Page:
:: The PURGE option will activate RoboCopy's /MIR option (/e/purge = /mir)
            :: The QUIT option will quit RoboCopy after processing command line and just display parametres used.
            
            set Purge=
            if .%3==. goto -error
            if .%3==.purge set Purge=purge
            if .%3==.Purge set Purge=purge
            if .%3==.pURGE set Purge=purge
            if .%3==.PURGE set Purge=purge
            
            if .%3==.nopurge set Purge=
            if .%3==.Nopurge set Purge=
            if .%3==.NoPurge set Purge=
            if .%3==.nOpURGE set Purge=
            if .%3==.nOPURGE set Purge=
            if .%3==.NOPURGE set Purge=
            
            set quit=
            if .%4==.Quit set quit=/quit
            if .%4==.quit set quit=/quit
            if .%4==.QUIT set quit=/quit
            if .%4==.qUIT set quit=/quit
            
              if not .%Purge%==.purge goto -nopurge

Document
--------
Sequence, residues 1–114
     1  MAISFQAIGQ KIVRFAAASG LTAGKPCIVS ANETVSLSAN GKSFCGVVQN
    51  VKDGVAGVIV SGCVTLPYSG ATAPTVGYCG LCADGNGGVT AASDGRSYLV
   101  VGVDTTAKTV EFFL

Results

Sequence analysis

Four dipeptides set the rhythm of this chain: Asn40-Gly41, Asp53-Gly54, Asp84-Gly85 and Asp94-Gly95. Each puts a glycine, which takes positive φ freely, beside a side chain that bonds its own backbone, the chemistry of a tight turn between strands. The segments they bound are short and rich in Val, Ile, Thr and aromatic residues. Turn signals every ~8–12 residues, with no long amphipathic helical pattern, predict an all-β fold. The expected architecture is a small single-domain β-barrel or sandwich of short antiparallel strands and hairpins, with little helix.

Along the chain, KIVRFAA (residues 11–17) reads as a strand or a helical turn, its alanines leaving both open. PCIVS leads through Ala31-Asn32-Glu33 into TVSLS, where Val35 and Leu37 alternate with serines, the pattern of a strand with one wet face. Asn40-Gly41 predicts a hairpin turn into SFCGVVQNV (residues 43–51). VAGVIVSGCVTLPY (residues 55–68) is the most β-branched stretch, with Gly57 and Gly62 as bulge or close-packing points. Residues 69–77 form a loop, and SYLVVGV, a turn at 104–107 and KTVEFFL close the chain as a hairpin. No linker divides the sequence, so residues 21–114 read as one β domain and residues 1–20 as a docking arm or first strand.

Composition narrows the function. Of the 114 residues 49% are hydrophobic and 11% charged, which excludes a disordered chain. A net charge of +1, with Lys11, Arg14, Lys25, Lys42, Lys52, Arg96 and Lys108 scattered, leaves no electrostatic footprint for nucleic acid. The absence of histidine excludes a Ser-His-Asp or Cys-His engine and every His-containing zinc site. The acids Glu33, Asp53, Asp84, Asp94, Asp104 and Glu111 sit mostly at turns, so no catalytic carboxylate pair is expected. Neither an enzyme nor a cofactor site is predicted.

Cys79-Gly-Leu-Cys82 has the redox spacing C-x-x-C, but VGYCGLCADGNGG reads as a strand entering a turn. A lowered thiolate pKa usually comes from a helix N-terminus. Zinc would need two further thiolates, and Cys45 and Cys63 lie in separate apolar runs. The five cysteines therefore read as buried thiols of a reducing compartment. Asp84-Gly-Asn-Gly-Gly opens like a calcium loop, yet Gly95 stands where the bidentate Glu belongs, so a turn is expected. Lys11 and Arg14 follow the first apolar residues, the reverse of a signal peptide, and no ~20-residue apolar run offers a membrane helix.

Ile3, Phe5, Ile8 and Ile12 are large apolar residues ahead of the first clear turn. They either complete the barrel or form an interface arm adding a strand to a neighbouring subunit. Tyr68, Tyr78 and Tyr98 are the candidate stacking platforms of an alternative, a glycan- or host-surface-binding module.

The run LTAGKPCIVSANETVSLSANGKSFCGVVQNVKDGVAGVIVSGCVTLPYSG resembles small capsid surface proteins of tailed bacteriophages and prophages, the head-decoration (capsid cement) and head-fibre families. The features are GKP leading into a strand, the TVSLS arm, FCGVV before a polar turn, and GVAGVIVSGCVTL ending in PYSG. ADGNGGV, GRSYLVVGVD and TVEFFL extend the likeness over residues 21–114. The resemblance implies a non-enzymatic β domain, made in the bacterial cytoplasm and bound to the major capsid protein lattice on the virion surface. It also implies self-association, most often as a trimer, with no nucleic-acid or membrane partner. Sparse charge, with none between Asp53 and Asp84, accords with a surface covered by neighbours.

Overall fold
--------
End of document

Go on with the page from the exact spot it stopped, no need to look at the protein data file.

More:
c:\x\tool\robocopy %1 %2 *.* /s /e /zb /purge /r:3 /w:3 /v /eta %quit%
              goto -finish
            
            :-nopurge
              c:\x\tool\robocopy %1 %2 *.* /s /e /zb /r:3 /w:3 /v /eta %quit%
              goto -finish
            
            :-error
              @echo Usage:  RCOPY (sourcedir) (targetdir) {(purge) or (nopurge)} [quit]
              @echo.
              @echo
            :-finish
              set Purge=
              set quit=
            For the larger one, I use one file per task - but all are made from the same scheleton. My simplest file is shown, as the others are just more complex without any logical gain. You'll find all the 'goodies' here. It will keep 20 generations of log files and circulate them - the original one is always kept (This is perhaps stretching a discussion forum space a bit, but I can't see a BATCH file being located in the Source forum either - I hope you all and the PB staff as well will bear over with me). It is an old file that backs up and old Novell 4.11 server and is shown as-is unmodified from production since several years (actually - since W2K and its Resource Kit hit the streets):